Presenteeism is one of those made-up words that hasn’t quite made it into the most respected dictionaries or they haven’t quite agreed on what it means. But for those of us who are involved in HR or employee health, presenteeism is defined as employees coming into work when they are unwell. This has an obvious impact on their productivity and potentially that of others if this leads to the spread of a virus such as influenza.
Many of the medical conditions that result in presenteeism are relatively benign. More serious conditions mean that people have to stay away from work.
If many of the conditions that result in presenteeism are minor in nature, they are not minor in terms of cost to industry. Estimates put the cost of presenteeism to UK industry at £15bn per year. Absenteeism, where the sick worker stays at home, only accounts for approximately £8bn.
Because of its relatively benign causes, research on presenteeism concentrates on allergies, asthma, gastro-intestinal disorders, depression and such chronic or episodic ailments such as back pain, neck pain, migraines and other kinds of headaches.
Every year in the UK neck pain, migraines and other kinds of headaches account for 1.7 million lost working days. Most computer workers with these types of symptoms, however, experience productivity loss which is derived from a decreased performance at work and not from sickness absence.
Nearly 50 per cent of the population is affected by headaches during their lives and the experience of a headache can have a negative impact on the physical aspect of their well-being. A headache reduces our ability to focus on our work. This leads to sub-optimal performance, presenteeism and absenteeism.
If we are to find an effective means of managing headaches we need to consider the balance between the resources that our personal health profile offers and the physical challenges we face at work each day.
In terms of our personal health profile, many people put their headaches down to such things as too little water or too much alcohol. In fact, these types of supposed causal factors have less influence than certain physical factors.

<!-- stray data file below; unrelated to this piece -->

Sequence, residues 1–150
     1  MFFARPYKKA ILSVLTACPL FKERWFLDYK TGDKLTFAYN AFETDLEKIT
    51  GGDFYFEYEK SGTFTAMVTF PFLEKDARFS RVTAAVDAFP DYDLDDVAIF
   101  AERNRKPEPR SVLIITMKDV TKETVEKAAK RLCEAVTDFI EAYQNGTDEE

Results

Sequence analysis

It is now known that most headaches are actually caused by increased pressure on the neck which can be initiated or aggravated by bad posture. This causes a neck headache, or as it is known medically, a cervicogenic headache.
Your neck headache can originate from a variety of musculoskeletal and neurovascular structures in your upper neck, including the upper three neck joints, the first disc in the spine, spinal cord coverings and neck muscles.
A dysfunction in these areas can trigger pain signals that travel to your brainstem. This information is then transmitted into your brain and interpreted as a headache.
Dysfunction in the upper neck may be seen in up to 70 per cent of the population suffering from any type of headache. This suggests that the cervical spine may be either a causative or contributing factor of many headaches.
The good news is that the headache can be alleviated in these cases by fixing the problem in the upper neck. Fixing the neck problem involves prevention and treatment.
In terms of prevention the importance of a good workstation set up cannot be overstated. It is known, for example, that working with your neck twisted in an awkward posture can lead to the dysfunction in the joints and muscles of the upper neck, which will then cause a headache, and loss of concentration and the sequels of presenteeism and absenteeism.
Within this context an appropriate display screen assessment that addresses poor and static postures will go a long way to prevent problems in the upper neck. In terms of treatment, your qualified physiotherapist and GP will be able to diagnose the source and treat the headache. Physiotherapy from a qualified physiotherapist experienced in this field can have a very quick and effective result for relieving your neck headache.
In a small percentage of patients there can be a serious reason for the headache. If you have any of the symptoms set out below it is recommended that you inform your qualified physiotherapist and seek the advice of your GP or a medical centre.
- Sudden or severe headache.
- New or ‘different’ headache to your normal type.
- Your ‘worst headache ever’.
- Signs of neurological complications, for example, motor weakness, memory loss, confusion, behaviour changes, reduced alertness or meningismus (stiff neck + photophobia + headache).
- New headache onset over the age of 40 to 50 years.
- Headaches at night or waking in the morning.
- Headache associated with systemic symptoms, for example, weight loss, fever, nausea or vomiting.
- Onset of headache after cough or sneeze, exercise, coitus or head-turning.
New onset of a headache during or following pregnancy.
In summary, headaches in the working population have a negative effect on physical well-being which can lead to Presenteeism and absenteeism.
Good workstation set up can prevent the causes of neck dysfunction that lead to headache and effective treatment from a qualified physiotherapist can bring quick and effective relief.
This is one of the many interesting articles from the summer edition of the Cardinus Connect magazine which brings together contributions from ergonomics, safety and risk management experts. If you haven’t already done so, request your free copy here.
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